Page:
Sometimes it helps me understand Scripture better when I try and read the stories as if I were one of the original audience. And when reading the gospel accounts, it is especially helpful to read these stories through the lens of a first century Jew.

And this is incredibly helpful in the case of Mark 5 to uncover a secondary purpose in recording these stories.

Jesus’ first stop after calming the storm was the land of the Gerasenes. These were Gentile people who worshiped pagan Gods. They were not of the nation of Israel. They were not Jews. They did not worship YHWH. This should be the first red flag.

You are to be holy to me because I, the LORD, am holy, and I have set you apart from the nations to be my own. Leviticus 20:26

The first person who meets them is a man with an “unclean” spirit who lives among the tombs. So not only was he possessed by an army of demonic/ unclean/ evil spirits, but he also lived in and around open graves full of rotting corpses.

Anyone out in the open who touches someone who has been killed with a sword or someone who has died a natural death, or anyone who touches a human bone or a grave, will be unclean for seven days. Numbers 19:16

Gentile nation (X)
Unclean Spirit (X)
Contact with graves and dead bodies (X)

That’s three strikes already! But it gets worse: They were right next to a pig field.

And the pig, though it has a split hoof completely divided, does not chew the cud; it is unclean for you. You must not eat their meet or touch their carcasses; they are unclean for you. Leviticus 11:7-8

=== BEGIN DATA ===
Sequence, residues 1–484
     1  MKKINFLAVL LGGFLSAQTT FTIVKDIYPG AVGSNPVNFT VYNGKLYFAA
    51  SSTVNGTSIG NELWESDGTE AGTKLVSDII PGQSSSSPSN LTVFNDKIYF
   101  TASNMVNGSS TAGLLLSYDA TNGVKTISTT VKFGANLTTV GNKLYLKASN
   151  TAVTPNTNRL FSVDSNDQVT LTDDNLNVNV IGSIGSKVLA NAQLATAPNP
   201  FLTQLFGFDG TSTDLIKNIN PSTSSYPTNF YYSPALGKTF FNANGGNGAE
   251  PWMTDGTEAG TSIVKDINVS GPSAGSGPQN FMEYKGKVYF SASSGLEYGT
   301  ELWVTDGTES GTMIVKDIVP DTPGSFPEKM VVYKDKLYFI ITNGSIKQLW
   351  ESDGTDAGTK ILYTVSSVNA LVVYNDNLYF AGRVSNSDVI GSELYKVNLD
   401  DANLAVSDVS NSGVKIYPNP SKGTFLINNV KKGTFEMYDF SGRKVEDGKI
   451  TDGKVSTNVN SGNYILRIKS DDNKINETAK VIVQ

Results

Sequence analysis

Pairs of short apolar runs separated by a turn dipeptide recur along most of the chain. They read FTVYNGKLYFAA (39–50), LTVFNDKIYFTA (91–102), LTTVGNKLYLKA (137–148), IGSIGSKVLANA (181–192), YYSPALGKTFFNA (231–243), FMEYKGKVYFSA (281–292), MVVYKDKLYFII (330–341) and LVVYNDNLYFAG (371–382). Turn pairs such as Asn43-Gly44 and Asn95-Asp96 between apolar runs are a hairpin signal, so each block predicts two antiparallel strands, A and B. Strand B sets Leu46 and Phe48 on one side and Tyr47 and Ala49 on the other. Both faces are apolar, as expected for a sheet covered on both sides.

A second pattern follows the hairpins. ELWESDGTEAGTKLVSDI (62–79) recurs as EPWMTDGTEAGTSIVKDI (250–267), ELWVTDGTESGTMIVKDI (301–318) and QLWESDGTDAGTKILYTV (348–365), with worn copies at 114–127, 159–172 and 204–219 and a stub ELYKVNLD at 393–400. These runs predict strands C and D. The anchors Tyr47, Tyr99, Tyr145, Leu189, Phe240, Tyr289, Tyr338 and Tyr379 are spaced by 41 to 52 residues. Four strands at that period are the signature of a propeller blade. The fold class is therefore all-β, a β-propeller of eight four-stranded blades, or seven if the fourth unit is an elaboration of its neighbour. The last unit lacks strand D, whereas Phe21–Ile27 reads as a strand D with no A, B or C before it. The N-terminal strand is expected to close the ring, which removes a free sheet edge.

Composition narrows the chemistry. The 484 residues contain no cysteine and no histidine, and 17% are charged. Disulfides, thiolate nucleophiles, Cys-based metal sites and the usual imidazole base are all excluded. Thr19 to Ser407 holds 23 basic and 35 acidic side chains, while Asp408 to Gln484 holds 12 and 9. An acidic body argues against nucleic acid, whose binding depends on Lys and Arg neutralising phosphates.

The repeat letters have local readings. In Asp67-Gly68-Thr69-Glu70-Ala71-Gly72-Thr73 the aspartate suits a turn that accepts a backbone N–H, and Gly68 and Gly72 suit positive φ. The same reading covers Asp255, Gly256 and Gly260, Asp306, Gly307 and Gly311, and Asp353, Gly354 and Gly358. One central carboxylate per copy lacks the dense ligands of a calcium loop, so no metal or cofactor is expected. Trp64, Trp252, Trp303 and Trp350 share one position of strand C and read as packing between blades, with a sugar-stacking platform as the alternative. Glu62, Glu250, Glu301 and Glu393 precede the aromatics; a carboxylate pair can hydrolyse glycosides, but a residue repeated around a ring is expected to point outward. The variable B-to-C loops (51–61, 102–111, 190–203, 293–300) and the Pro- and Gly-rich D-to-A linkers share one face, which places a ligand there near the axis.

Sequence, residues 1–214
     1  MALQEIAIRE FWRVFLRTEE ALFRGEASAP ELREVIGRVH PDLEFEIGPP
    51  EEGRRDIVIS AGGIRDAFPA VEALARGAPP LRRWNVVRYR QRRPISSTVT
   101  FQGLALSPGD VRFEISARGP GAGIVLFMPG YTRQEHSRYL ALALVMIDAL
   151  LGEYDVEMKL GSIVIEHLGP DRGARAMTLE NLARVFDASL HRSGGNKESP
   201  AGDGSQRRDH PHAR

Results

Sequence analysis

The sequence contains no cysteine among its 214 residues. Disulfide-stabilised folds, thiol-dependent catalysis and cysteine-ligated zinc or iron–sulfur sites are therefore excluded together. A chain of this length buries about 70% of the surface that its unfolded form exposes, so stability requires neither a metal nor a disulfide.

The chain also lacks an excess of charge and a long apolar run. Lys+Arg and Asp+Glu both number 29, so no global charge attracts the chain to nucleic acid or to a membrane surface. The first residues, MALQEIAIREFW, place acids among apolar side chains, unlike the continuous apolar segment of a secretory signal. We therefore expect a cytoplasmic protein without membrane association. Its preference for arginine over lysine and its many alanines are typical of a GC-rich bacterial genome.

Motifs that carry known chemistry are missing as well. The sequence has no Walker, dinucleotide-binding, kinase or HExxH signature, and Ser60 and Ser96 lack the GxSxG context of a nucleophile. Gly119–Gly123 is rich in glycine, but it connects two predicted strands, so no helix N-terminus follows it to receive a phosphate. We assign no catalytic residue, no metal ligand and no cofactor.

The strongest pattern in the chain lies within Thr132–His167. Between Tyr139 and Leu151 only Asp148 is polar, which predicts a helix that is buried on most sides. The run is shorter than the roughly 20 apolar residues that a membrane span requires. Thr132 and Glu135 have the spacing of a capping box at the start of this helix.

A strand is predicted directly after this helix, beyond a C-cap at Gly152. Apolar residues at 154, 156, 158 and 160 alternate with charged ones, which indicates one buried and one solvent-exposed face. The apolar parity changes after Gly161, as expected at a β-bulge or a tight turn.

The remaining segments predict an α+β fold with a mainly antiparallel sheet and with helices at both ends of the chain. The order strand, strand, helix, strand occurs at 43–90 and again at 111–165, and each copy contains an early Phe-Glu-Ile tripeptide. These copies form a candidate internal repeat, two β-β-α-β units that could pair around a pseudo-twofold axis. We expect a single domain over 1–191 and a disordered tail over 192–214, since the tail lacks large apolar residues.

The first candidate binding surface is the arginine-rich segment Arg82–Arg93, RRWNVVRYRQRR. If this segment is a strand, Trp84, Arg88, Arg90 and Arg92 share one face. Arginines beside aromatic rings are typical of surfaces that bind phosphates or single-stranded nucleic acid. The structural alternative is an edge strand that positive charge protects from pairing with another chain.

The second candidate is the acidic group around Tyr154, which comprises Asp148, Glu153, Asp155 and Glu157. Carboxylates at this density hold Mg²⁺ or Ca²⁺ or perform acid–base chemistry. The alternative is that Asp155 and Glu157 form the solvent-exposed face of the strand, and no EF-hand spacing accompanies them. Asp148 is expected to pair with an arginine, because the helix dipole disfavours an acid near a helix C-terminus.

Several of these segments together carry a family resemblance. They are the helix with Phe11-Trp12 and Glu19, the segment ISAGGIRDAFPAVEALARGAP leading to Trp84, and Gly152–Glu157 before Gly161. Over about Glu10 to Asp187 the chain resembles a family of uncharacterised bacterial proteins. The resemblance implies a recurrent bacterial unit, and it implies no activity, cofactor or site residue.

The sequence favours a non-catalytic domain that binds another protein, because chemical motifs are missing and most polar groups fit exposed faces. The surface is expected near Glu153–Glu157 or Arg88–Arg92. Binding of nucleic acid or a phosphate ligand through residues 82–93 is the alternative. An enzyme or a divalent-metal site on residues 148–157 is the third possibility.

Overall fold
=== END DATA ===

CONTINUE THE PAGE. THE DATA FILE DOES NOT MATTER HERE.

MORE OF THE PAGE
Herd of 2,000+ pigs (X)

It doesn’t get much more unclean than this for a good, orthodox Jew. But Jesus stands his ground and instead of taking the uncleanness on himself, he makes the unclean clean again.

Wait. What?

Then he heads over to the other side where there are crowds pushing in around him. He is on his way to heal a sick little girl of the synagogue leader when he feels someone touch him and absorb some healing power. He discovers it was a woman with a bleeding problem.

When a woman has a discharge of blood for many days at a time other than her monthly period or has a discharge that continues beyond her period, she will be unclean as long as she has the discharge, just as in the days of her period. Any bed she lies on while her discharge continues will be unclean…and anything she sits on will be unclean… Whoever touches them will be unclean; he must wash his clothes and bathe with water, and he will be unclean until evening. Leviticus 15:25-27

This woman has been bleeding for 12 years! Imagine, not being allowed to touch anyone or have anyone sit with you for 12 years. And she had the audacity to touch a rabbi, a holy man! She would have been severely punished for this offense. But Jesus didn’t become unclean. In fact, he made the unclean woman clean again.


Finally, they get to Jairus house only to discover that his daughter has already died. There’s nothing that can be done, so they think. Then Jesus takes the girl by the hand and whispers softly to her.

Whoever touches the dead body of anyone will be unclean for seven days. Leviticus 19:11

But Jesus doesn’t become unclean. He replaces the unclean with the clean once again.

You see, to the Jew the cleanliness laws were set in place so that they could be holy, like God. But unclean always trumped clean. And unclean human always made a clean human unclean as well. That’s just how it worked. To become clean again there were a whole bunch of rites and rituals that had to be performed in the presence of a priest so that God could restore the clean state of the person.

How could a man come into contact with a graveyard, a man with an unclean spirit, a heard of pigs and still remain clean? How could someone be touched by a woman with a bleeding issue and still remain clean? How could anyone touch a dead body and not be pronounced unclean on the spot?

Who can make the unclean clean again but God alone? Exactly.